Depending on the furnace brand, the filter may be located on the right, left, bottom or in some cases, inside the furnace. It's generally housed inside of a slot, frame or cabinet for easy access and replacement. Always refer to your furnace's owner manual for information about filter location of your furnace.
Is a Furnace Filter the Same as an Air Filter?
The straightforward answer is, yes. In HVAC, a furnace filter and an air filter or air conditioner filter are effectively identical. While people may call them different things based on the current season— hot or cold—they are all filters that clean the air in your HVAC system.
They each get rid of dust, allergens, bacteria and other airborne debris from the air that is drawn into the furnace and air conditioning system, ensuring the air circulating throughout your home is clean and safe.
What Is a MERV Rating and What MERV Rating Do I Need?
Once you track down your old furnace filter and decide when it should be replaced, it’s time to select a replacement. That means determining the level of filtration that you need. One method to do this is by picking an appropriate MERV rating for your needs.
MERV is an abbreviation for Minimum Efficiency Reporting Values. The MERV rating indicates the effectiveness of air filters at trapping airborne molecules. The rating scale ranges from 1 to 20, with greater numbers indicating the power to filter small particles.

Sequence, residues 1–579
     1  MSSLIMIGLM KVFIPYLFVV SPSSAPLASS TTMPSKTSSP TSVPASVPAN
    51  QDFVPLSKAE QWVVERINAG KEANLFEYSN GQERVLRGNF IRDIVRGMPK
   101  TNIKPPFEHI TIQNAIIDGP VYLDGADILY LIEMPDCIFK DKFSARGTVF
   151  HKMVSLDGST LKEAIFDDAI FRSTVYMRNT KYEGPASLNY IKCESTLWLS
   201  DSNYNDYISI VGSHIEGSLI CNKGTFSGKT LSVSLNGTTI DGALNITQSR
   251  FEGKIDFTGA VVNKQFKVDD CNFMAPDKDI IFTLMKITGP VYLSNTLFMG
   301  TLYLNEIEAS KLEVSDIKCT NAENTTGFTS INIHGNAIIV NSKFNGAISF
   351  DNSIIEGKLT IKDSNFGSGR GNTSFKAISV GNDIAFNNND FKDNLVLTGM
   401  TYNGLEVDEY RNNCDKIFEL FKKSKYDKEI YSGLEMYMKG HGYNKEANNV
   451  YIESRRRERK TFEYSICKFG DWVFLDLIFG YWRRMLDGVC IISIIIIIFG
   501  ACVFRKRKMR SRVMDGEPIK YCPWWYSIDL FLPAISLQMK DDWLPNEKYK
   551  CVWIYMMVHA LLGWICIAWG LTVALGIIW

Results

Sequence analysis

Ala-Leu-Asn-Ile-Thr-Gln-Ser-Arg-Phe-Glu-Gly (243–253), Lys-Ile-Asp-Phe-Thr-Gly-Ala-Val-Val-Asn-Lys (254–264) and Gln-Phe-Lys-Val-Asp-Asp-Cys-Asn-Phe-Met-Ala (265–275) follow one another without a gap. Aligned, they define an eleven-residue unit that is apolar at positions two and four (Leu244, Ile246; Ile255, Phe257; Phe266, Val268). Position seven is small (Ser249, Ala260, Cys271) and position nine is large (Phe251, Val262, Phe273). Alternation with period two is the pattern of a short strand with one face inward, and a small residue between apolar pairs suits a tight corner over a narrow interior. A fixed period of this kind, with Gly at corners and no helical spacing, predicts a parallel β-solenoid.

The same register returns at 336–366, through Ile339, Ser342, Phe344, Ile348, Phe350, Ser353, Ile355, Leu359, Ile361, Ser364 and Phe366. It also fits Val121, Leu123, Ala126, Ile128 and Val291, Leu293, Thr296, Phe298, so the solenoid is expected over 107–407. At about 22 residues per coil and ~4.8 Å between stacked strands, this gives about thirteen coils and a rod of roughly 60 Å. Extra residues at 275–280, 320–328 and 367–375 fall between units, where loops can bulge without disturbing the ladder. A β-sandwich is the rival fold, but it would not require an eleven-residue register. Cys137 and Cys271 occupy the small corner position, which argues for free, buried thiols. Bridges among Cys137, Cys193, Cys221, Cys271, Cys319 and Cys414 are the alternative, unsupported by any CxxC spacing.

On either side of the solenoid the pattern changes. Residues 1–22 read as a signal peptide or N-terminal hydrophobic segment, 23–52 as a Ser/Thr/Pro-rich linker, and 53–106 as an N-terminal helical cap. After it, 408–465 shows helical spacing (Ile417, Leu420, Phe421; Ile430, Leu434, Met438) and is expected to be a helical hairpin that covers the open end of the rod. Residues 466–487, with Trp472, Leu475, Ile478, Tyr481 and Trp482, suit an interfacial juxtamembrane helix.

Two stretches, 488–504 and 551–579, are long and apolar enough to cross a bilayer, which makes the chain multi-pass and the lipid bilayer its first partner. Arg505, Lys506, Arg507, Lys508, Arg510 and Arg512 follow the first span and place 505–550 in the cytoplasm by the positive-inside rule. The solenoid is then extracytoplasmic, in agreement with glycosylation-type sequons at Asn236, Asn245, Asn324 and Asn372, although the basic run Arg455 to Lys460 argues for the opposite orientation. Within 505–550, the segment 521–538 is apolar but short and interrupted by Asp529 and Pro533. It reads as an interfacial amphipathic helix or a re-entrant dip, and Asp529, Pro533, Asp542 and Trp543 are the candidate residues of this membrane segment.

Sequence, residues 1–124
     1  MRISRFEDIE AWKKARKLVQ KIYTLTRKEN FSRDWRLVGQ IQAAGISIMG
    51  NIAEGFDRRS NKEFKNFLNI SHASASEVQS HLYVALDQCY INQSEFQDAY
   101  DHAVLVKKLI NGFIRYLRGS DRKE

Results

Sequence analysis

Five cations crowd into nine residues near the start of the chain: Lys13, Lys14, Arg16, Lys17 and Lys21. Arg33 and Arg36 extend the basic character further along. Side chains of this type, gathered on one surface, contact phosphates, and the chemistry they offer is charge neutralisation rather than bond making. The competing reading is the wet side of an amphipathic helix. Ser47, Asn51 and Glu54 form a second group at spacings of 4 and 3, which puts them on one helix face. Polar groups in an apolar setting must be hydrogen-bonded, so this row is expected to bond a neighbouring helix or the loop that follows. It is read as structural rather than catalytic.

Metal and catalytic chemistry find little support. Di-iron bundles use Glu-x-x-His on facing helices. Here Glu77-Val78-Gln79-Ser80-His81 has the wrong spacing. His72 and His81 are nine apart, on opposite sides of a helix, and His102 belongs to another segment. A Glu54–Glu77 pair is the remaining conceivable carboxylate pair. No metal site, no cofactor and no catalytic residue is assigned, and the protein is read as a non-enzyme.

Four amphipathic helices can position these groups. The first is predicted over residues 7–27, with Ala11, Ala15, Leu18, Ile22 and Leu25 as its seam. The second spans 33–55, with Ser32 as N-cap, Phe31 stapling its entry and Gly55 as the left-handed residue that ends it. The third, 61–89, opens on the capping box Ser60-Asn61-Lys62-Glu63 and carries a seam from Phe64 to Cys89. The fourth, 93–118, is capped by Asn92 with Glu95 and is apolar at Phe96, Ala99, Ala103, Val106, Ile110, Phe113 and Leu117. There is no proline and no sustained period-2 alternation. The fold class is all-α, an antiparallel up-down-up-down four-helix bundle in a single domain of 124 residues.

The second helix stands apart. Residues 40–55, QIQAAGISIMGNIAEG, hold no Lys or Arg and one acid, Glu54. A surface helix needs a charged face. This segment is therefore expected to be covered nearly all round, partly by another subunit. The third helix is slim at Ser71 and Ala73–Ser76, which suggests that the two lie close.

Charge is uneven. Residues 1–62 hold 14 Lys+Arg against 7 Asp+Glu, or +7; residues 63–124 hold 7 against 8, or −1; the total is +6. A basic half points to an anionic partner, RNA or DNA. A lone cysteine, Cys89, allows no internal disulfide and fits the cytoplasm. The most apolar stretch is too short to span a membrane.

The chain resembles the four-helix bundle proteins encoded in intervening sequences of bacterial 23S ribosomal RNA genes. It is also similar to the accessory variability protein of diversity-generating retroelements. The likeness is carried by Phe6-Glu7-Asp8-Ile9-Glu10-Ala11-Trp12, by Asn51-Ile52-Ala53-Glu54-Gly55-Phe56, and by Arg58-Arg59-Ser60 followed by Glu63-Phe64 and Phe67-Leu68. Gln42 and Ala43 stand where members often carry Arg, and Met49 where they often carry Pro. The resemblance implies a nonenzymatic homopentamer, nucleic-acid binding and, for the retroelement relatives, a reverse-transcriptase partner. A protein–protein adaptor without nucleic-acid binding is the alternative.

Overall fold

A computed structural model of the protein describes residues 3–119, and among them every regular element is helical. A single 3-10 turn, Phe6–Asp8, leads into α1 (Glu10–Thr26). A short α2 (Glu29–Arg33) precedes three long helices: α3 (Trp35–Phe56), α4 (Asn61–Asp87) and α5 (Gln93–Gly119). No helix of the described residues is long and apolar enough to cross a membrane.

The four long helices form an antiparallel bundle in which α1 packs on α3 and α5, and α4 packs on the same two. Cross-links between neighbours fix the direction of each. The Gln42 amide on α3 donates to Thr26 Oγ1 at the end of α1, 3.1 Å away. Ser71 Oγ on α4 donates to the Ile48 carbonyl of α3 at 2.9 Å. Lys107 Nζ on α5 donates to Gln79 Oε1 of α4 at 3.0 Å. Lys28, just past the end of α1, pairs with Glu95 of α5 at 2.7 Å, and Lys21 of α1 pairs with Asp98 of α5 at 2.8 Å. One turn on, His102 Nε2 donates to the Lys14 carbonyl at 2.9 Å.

Experts say a filter with a MERV rating between 8 and 13 offers an ideal balance between having healthy indoor air quality without needlessly restricting airflow. However, people with certain health conditions may need to purchase a filters with a higher MERV rating.
Which Way to Put the Air Filter in a Furnace or Air Conditioner
Installing an air filter in a furnace or air conditioner properly is crucial for the efficient operation of the system. Air filters have a specific direction, indicated by an arrow located on the side of the filter frame. The filter should be installed with this arrow pointing toward the furnace or air conditioner, which is the direction of the airflow. If you're doubtful about the airflow direction, try to remember that air always moves from the return duct towards the heat or cooling source. Therefore, be sure that the arrow points at the furnace or AC.